Australian property prices have finished the financial year 13.5 per cent higher – the highest annual growth rate that has been seen since the market was winding down from the residential housing boom of 2004.
According to the CoreLogic home value index, property prices were up by 1.9 per cent for June, with each of the capital cities seeing an increase in values ranging from a 3.0 per cent rise in Hobart to a smaller 0.2 per cent lift in Perth. Property values in Sydney were up by 2.6 per cent for the month.
Over the past year houses have outperformed units by more than double with a 15.6 per cent rise seen in the housing market, compared to a relatively small 6.8 per cent increase for units.
CoreLogic Head of Research for Australia, Eliza Owen said there were a number of factors driving housing demand through the first half of 2021, before the recent COVID outbreaks emerged across the country.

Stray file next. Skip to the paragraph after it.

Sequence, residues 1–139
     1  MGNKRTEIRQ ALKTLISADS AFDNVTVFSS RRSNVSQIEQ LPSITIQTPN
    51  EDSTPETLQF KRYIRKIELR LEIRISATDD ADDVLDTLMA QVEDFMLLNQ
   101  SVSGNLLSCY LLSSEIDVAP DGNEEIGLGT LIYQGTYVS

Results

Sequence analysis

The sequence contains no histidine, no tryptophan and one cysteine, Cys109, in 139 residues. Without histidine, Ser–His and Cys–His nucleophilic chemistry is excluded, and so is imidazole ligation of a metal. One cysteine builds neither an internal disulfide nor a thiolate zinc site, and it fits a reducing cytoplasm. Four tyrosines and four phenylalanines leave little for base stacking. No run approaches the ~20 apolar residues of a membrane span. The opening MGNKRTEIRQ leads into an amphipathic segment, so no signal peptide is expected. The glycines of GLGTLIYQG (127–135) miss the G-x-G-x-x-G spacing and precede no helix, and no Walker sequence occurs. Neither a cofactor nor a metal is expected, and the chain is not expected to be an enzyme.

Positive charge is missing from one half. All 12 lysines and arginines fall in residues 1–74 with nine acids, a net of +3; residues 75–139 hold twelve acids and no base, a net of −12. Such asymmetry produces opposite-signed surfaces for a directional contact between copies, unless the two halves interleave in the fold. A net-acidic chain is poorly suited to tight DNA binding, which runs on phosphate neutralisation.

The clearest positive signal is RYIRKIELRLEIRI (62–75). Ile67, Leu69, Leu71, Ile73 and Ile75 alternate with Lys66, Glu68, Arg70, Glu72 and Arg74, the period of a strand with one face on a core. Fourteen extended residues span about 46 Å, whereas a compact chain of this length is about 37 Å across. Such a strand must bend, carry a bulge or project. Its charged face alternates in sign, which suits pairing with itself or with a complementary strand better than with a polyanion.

“In May, the unemployment rate fell to 5.1 per cent, and the underutilisation rate fell to 12.5 per cent, the lowest level since February 2013. Consumer confidence remained elevated through June, although down from the recent April highs.
“Elevated savings accumulated through COVID-restrictions last year, along with a more confident consumer sector, has encouraged consumption of larger goods, such as housing. This has all occurred against a back-drop of continued low mortgage rates, which is one of the most significant demand drivers.”
In addition to the above, relatively low advertised housing stock has contributed to a strong sense of urgency amongst homebuyers.
However while demand for property remains strong there are some signs that the current market frenzy is starting to slow down.
A loss of momentum in housing prices is most evident across Perth and Darwin, however Ms Owen noted that there may be a slightly different supply-demand dynamic in these cities compared to the other capital cities and regions.
Softer growth rates are emerging at the ‘high end’ of the market for the combined capital cities though, which could be evidence that the heat is coming out of the market.
According to Ms Owen “This easing in the pace of growth at the top end of the market is another clear sign of a shift in momentum.
“The rest of the market tends to follow movements at the high end, and this is the first time in nine months that the high-tier growth rate has not accelerated.”
Visit www.corelogic.com.au to see further figures from June’s home value index.